Category Archives: China

Geopolitical Damnation #31: China and the New Silk Road

China is arguably, and simultaneously, the world’s oldest culture and the world’s newest mega-economy and super-power. Not only does China have the 2nd largest GDP in the world, but it is one of only 4 countries that are net international creditors (the other three being Norway, Luxumbourg, and Switzerland). In comparison, the US, with the largest GDP (of slightly less than 18 Trillion), has an external debt that is roughly 18 Trillion. (In other words, it’s debt now exceeds its annual GDP!)

It’s also the world’s most populous country with 1.35 Billion people and the second largest country by land area. It has the world’s third longest river, 14,500 kilometers (or 9,000 miles) of coast lines, approximately 130 ports open to foreign ships, over 11,000 kilometers (or 6,800 miles) of rail, and over 180 commercial airports. It’s rail network and ships transport a significant percentage of the world’s global trade and traffic is still increasing annually.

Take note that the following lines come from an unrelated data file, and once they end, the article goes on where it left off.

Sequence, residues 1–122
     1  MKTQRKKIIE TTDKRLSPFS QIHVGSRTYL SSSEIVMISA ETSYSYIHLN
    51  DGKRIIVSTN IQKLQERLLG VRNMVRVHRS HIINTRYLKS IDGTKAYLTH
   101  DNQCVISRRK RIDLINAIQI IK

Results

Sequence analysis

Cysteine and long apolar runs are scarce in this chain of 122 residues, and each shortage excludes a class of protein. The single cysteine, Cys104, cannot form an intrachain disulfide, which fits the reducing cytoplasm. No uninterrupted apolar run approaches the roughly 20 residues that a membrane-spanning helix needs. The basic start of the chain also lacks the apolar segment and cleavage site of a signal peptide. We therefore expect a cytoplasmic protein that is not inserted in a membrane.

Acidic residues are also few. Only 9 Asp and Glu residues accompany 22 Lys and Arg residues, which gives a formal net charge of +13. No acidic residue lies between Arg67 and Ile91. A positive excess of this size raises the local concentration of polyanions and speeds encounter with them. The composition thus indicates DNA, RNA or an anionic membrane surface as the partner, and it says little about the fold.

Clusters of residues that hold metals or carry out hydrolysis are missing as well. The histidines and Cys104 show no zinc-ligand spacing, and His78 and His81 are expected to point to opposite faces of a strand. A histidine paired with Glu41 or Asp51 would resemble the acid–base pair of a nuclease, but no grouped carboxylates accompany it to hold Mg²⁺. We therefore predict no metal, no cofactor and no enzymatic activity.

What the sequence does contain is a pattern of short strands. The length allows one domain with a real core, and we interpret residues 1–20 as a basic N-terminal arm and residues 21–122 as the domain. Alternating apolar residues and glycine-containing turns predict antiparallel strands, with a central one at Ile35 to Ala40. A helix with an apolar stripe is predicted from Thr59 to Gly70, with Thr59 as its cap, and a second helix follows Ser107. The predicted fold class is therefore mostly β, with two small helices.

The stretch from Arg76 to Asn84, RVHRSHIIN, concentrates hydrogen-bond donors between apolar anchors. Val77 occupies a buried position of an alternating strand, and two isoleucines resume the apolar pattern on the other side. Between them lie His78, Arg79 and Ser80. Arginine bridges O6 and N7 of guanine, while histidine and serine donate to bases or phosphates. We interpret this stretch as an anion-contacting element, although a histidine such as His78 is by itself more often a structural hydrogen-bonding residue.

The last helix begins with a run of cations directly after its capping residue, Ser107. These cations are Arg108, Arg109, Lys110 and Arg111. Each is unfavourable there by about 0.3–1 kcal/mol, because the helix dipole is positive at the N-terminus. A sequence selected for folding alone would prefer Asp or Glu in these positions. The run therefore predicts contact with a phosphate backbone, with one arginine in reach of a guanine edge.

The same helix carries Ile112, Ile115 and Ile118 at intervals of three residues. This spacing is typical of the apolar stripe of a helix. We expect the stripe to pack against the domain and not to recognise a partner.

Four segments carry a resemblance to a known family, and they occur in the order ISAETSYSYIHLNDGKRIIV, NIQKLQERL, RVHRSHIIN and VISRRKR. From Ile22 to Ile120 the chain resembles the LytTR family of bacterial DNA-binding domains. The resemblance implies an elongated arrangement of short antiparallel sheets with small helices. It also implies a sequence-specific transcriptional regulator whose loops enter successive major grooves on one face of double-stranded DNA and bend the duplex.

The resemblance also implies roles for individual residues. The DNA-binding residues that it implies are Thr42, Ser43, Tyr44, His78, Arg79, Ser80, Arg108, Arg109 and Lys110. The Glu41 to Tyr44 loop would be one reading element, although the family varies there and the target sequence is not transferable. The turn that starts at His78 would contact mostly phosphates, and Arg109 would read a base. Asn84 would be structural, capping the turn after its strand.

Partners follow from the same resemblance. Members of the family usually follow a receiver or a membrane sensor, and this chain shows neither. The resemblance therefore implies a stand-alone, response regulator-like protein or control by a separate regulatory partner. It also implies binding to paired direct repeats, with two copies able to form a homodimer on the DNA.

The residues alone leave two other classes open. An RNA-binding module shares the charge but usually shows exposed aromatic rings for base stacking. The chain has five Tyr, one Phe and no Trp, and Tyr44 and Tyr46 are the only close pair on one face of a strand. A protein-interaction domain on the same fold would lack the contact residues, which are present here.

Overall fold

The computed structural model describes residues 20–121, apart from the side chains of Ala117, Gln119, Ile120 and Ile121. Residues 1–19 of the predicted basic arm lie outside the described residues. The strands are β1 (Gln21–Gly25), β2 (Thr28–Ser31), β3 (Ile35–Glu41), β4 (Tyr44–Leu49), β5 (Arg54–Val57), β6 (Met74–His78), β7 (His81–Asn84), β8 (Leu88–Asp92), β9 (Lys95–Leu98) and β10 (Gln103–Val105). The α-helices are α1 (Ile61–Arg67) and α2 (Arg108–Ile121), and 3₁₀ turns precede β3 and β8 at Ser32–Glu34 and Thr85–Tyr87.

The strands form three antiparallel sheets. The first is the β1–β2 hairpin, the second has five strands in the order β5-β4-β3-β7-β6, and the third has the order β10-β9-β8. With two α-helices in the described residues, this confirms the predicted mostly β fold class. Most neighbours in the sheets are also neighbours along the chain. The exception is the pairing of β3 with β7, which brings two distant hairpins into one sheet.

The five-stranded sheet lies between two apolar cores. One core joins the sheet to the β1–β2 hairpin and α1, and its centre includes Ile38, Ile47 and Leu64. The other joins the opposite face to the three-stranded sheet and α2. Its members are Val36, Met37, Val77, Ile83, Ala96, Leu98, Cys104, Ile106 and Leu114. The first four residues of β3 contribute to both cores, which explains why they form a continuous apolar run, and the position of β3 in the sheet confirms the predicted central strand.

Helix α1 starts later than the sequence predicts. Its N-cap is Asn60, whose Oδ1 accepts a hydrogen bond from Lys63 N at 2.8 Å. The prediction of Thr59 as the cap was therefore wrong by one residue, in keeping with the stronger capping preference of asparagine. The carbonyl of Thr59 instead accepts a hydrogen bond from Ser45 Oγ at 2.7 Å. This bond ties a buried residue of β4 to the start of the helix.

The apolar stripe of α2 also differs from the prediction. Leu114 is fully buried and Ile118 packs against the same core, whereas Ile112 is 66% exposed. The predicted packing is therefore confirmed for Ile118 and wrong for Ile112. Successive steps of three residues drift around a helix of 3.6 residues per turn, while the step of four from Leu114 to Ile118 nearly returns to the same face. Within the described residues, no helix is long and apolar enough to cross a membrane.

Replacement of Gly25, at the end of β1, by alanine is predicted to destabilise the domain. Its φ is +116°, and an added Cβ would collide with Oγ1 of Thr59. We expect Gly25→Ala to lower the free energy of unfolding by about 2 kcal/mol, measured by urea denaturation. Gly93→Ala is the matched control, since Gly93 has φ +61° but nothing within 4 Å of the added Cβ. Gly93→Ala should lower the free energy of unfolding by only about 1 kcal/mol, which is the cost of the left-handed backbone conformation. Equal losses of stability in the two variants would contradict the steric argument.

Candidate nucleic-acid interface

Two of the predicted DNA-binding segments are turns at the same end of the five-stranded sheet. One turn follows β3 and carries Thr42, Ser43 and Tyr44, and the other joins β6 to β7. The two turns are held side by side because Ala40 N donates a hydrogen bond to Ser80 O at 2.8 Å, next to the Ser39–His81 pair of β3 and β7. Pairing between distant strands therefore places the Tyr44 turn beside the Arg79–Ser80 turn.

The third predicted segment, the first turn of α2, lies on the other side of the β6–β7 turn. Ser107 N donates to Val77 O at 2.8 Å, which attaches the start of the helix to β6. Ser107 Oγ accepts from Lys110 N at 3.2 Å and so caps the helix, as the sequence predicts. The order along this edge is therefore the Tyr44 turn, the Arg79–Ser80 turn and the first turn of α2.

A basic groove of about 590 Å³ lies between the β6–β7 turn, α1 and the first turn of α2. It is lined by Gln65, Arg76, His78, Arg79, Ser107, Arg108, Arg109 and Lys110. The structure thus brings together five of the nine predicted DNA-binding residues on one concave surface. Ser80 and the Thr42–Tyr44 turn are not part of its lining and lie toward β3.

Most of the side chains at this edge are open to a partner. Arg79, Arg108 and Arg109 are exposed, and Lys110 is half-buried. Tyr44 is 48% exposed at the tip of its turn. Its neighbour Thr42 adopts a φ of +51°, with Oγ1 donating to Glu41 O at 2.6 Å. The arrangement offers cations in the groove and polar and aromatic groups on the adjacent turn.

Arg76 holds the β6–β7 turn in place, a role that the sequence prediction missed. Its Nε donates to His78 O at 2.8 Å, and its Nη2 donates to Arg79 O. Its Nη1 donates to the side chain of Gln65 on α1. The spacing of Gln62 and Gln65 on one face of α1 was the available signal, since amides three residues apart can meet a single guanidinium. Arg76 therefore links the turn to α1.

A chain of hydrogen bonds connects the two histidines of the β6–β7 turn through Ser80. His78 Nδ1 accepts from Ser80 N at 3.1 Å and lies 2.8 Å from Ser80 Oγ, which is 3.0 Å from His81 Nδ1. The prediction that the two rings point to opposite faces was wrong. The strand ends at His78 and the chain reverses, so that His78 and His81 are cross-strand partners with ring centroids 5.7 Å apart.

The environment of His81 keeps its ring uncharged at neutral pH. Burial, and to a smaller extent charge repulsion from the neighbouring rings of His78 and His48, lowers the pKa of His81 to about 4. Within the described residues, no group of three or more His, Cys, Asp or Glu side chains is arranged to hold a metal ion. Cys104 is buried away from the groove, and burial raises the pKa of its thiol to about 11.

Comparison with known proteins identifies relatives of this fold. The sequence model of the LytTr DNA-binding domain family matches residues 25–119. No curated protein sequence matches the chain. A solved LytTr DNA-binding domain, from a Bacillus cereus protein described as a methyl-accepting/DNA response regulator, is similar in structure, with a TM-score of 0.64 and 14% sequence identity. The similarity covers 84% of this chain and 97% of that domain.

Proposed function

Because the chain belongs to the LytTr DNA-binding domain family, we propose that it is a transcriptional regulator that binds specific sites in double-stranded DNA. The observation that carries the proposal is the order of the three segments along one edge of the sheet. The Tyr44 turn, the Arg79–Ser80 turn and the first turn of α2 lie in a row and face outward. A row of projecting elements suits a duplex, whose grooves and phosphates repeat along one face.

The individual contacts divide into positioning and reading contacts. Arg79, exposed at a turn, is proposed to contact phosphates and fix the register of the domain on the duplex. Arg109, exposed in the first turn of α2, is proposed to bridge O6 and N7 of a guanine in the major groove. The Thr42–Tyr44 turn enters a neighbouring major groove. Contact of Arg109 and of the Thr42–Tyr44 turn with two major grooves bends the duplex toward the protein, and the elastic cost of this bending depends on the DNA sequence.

China is no longer the emerging economy of the 80s and 90s that you outsourced to and imported from — now it is the emergent economy that is outsourcing to Brazil (to serve the North American Market, consider Foxconn) and Africa (to serve the European market). And, for most multi-nationals, it’s their newest, and most promising (and potentially most profitable) market. China already has over 220 billionaires, and this number increases annually. (The US has 442.)